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“Two decades ago, New Zealand went through a dramatic transformation, from a basket case welfare state saddled with crushing public debt, rampant inflation, and a closed and moribund economy, to what is today widely regarded as one of the freest and most prosperous countries in the world. This is the story of how that happened.” So Bill Frezza sums up his New Zealand’s Far-Reaching Reforms: A Case Study on How to Save Democracy from Itself (Guatemala, Guatemala: The Antigua Forum, c. 2015). Following WWII—and before such reforms—as more and more money was printed to fuel more and more welfare programs, New Zealand graphically illustrated H. L. Mencken’s quip: “Every election is a sort of advance auction sale of stolen goods.” Indeed, Roger Muldoon won election as prime minister in 1975 by running on a platform described by critics as a “denial of economic reality accompanied by bribery of the voters.”
But all this changed through reforms orchestrated by two politicians (Roger Douglas and Ruth Richardson) representing opposing parties, who made “common cause in a fight against their own party leaders” to save their nation from corrosive inflation and ultimate bankruptcy in the late 1980s and early 1990s. They both demanded “honest and open accounting” wherewith to tell the truth regarding the nation’s condition. “If private businesses kept their books the way most governments keep their books, our jails would be full of CEOs” (#361) But the reformers determined: “The country was going to be run more like a successful business than a public piggy bank” (#554). Richardson especially focused on reforming the educational system, turning it to charter schools answerable to the parents. Douglas worked to reduce corporate and personal income taxes, eliminate inheritance taxes, and establish a consumption tax. Since they eliminated government sponsored enterprises, such as Fannie Mae and Freddie Mack in the U.S., New Zealand didn’t suffer the housing bubble that burst and devastated America in 2008.
Consequently, “New Zealand enacted its most lasting reforms when advocates for efficient government, free markets, free trade, sound money, and prudent fiscal policy came together” and legislative acts were passed that “forever changed the way New Zealand’s government did business” (#248). Freeza explains the important acts and shows how they changed the country. Government agencies were privatized and compulsory union membership eliminated. “All civil service employees were moved from job-for-life union contracts and a seniority based advancement regime to individual employment contracts and a merit based regime” (#331). Opposition to such changes was inevitably intense. “As a poster child for the bitter medicine being administered, Ruth became the most hated politician in New Zealand. Effigies were burned in the streets, protesters poured a pot of blue paint on her (she saved the ruined dress for a charity auction), and police had to protect her on her jog to work every morning” (#549).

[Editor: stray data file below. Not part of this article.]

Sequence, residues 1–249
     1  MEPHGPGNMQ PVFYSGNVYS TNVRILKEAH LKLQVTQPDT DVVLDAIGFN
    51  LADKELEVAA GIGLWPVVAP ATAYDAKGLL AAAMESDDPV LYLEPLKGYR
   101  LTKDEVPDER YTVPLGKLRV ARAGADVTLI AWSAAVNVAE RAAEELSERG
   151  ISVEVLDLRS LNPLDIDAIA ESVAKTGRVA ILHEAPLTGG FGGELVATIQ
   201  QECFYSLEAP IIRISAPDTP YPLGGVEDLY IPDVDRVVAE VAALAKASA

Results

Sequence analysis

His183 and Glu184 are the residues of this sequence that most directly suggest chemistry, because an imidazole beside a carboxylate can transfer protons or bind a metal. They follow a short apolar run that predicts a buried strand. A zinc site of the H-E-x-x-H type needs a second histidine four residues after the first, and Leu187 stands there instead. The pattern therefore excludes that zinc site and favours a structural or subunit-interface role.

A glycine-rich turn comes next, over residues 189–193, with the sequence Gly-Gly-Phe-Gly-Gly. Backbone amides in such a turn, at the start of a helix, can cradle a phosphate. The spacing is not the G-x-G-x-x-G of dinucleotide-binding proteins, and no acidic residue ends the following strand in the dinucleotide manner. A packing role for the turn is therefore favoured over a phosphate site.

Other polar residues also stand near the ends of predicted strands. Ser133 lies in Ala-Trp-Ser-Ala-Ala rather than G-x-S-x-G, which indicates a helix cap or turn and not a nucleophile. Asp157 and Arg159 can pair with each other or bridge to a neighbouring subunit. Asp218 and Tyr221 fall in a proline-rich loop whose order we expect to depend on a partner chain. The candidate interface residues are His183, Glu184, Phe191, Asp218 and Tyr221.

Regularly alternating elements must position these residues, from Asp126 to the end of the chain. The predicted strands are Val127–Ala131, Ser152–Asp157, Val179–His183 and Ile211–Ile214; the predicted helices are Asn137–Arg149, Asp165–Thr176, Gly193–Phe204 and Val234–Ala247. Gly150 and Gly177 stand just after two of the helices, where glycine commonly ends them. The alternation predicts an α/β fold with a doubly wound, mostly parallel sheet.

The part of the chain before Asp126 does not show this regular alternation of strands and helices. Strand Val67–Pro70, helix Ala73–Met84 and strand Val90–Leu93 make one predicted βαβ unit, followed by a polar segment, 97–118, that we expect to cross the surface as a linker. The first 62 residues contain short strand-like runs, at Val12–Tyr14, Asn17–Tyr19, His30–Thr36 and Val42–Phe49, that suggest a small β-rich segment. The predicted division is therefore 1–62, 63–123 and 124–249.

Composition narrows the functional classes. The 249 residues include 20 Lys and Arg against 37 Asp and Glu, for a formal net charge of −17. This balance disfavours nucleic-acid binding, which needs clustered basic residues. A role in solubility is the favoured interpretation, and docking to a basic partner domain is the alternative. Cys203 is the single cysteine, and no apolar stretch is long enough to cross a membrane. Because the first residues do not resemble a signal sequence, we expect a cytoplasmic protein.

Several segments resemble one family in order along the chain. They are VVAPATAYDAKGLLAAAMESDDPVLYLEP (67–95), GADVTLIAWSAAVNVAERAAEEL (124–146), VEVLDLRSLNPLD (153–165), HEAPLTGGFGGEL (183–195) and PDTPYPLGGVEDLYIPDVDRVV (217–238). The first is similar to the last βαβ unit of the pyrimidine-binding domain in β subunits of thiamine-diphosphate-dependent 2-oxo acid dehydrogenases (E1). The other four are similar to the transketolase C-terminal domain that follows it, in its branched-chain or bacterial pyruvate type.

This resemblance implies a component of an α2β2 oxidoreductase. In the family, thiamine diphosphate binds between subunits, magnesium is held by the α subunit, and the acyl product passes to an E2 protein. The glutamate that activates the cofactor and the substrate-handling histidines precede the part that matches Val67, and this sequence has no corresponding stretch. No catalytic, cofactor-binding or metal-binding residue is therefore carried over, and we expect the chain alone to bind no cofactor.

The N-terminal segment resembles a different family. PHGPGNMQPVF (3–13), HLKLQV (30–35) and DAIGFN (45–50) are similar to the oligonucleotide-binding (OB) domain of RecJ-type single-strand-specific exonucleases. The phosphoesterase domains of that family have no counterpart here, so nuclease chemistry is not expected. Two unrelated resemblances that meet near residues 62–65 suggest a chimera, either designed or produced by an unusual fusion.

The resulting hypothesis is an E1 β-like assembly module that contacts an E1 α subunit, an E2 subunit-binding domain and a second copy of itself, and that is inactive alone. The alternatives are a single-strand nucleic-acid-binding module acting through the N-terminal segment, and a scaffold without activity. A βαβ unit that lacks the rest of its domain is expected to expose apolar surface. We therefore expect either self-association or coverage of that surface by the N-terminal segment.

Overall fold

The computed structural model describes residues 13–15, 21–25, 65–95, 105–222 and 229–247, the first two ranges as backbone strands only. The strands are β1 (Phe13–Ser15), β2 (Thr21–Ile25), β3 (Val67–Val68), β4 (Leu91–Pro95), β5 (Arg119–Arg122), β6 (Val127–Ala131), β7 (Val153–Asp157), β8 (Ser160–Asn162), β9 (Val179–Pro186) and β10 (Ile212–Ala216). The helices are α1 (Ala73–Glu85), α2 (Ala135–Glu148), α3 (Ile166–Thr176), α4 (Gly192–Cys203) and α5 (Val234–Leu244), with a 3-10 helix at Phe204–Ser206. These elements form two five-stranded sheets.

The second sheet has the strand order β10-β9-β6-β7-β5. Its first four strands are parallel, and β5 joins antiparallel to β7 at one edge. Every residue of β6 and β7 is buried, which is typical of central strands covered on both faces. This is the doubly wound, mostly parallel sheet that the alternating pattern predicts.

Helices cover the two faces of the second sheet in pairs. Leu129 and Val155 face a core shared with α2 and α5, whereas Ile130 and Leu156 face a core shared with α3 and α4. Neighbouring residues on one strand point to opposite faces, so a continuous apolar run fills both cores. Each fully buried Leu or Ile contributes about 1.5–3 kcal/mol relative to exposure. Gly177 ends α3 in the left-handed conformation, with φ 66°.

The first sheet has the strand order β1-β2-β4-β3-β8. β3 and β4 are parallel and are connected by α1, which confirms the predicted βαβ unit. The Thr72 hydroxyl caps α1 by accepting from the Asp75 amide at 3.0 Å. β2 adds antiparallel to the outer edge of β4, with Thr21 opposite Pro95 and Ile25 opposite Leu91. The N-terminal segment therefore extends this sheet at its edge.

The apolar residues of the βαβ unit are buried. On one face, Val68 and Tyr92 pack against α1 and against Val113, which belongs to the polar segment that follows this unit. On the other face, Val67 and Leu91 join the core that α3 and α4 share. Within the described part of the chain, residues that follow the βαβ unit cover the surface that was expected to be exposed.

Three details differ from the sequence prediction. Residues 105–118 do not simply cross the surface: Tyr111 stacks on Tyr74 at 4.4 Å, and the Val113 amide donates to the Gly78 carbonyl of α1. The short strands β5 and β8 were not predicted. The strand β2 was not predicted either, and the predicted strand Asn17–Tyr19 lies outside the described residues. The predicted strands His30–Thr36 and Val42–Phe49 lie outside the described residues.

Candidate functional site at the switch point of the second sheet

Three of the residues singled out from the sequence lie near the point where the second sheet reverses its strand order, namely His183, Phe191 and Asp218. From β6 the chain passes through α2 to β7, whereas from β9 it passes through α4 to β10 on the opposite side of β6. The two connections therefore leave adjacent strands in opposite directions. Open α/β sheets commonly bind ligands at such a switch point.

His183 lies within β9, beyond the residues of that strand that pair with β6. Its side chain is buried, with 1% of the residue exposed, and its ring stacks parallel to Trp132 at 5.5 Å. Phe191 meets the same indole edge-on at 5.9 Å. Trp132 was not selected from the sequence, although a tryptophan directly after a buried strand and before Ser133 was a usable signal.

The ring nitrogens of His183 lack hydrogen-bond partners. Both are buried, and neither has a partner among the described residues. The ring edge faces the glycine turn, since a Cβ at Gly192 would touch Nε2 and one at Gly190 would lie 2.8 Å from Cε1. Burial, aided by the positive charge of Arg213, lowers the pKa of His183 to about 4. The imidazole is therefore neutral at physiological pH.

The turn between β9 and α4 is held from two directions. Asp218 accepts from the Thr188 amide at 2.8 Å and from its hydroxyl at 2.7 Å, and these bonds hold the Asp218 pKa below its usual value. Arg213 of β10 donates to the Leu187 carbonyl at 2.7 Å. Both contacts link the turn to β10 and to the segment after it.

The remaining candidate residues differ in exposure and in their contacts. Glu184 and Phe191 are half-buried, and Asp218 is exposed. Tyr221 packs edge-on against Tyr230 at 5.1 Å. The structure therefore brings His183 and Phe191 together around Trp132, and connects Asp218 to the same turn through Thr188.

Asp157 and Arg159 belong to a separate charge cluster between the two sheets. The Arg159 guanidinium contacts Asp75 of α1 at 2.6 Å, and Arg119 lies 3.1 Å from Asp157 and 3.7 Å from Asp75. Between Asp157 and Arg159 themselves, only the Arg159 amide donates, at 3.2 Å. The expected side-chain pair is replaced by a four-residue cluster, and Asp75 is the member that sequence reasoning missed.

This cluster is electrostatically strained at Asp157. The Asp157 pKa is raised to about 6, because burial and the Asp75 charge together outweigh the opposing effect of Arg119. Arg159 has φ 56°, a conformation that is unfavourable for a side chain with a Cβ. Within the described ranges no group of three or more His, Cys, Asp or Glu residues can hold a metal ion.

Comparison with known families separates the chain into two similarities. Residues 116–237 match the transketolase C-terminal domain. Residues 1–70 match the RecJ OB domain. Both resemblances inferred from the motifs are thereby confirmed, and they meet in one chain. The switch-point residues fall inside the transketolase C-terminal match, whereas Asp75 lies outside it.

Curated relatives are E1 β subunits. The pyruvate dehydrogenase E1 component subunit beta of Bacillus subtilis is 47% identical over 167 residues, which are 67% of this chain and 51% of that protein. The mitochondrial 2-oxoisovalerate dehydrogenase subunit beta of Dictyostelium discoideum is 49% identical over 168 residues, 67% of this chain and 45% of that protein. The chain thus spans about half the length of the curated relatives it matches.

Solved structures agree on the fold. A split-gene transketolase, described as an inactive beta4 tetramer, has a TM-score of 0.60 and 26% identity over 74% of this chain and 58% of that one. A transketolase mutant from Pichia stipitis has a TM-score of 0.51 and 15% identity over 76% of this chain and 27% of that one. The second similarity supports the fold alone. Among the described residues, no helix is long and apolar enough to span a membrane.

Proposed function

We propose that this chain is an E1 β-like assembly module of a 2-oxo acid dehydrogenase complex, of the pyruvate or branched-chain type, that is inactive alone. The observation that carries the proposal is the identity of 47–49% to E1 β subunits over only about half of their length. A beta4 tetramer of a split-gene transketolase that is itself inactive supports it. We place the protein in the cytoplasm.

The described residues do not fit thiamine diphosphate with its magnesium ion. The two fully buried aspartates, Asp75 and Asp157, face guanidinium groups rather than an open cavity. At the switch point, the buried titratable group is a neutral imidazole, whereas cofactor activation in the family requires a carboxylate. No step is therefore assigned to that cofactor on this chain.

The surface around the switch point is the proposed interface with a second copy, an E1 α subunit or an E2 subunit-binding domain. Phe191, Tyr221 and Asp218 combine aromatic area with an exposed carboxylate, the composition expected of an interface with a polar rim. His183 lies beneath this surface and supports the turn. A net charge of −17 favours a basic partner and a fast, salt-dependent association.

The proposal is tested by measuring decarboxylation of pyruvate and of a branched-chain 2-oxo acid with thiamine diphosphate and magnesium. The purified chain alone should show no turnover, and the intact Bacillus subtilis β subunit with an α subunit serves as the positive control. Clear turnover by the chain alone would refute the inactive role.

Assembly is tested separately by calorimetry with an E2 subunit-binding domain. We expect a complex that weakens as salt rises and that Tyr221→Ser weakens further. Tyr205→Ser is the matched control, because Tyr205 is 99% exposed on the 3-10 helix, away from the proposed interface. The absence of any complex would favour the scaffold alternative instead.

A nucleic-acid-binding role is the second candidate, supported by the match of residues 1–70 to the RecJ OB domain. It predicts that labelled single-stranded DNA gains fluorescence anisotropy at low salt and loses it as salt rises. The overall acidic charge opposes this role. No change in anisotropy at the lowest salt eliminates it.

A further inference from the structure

But the reforms worked and made a lasting difference. The 2014 Index of Economic Freedom ranks “New Zealand fifth in the world, behind Hong Kong, Singapore, Australia, and Switzerland with ratings of 90 percent or higher for rule of law, freedom from corruption, business freedom, and labor freedom” (#623). The nation’s GDP increased fourfold while the national debt shrunk from $25 billion in 1993 to $15 billion in 2007. Trade, especially with China, has flourished. In retrospect, Freeza says (wondering if the New Zealand story can be duplicated): “The list of success factors required for a democracy to flourish economically is not long: honesty, integrity, transparency, accountability, efficiency, thrift, prudence, flexibility, freedom, leadership, and courage. Does anyone care to stand up and deny that these are virtues not just of good government but of a good life? Although universally acclaimed by economists, philosophers, and theologians, why are these virtues so hard to find in governments and politicians?” (#668). Unfortunately, politicians such as Roger Douglas and Ruth Richardson, willing to risk losing elections and incurring criticism, rarely appear. But without them majoritarian democracies will, it seems, sadly enough, generally follow a destructive path.
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In The Problem with Socialism (Washington, D.C.: Regency Publishing, c. 2016), Thomas DiLorenzo notes that a recent poll showed “43 percent of Americans between the ages of eighteen and twenty-nine had a ‘favorable’ opinion of socialism” and preferred it to capitalism (#85). Another poll indicated 69 percent of voters under 30 would support a socialist for President—as Bernie Sanders’ near victory in the Democrat Party primaries certainly illustrated. Misled by a multitude of educators, these young folks fail to realize G.K. Chesterton’s insight: “the weakness of all Utopias is this, that they take the greatest difficulty of man [i.e. original sin] and assume it to be overcome, and then give an elaborate account [i.e. redistribution of wealth] of the overcoming of the smaller ones. They first assume that no man will want more than his share, and then are very ingenious in explaining whether his share will be delivered by motorcar or balloon” (Heretics). Or, as Lady Margaret Thatcher famously quipped: the ultimate problem with socialists is they finally run out of other people’s money to spend.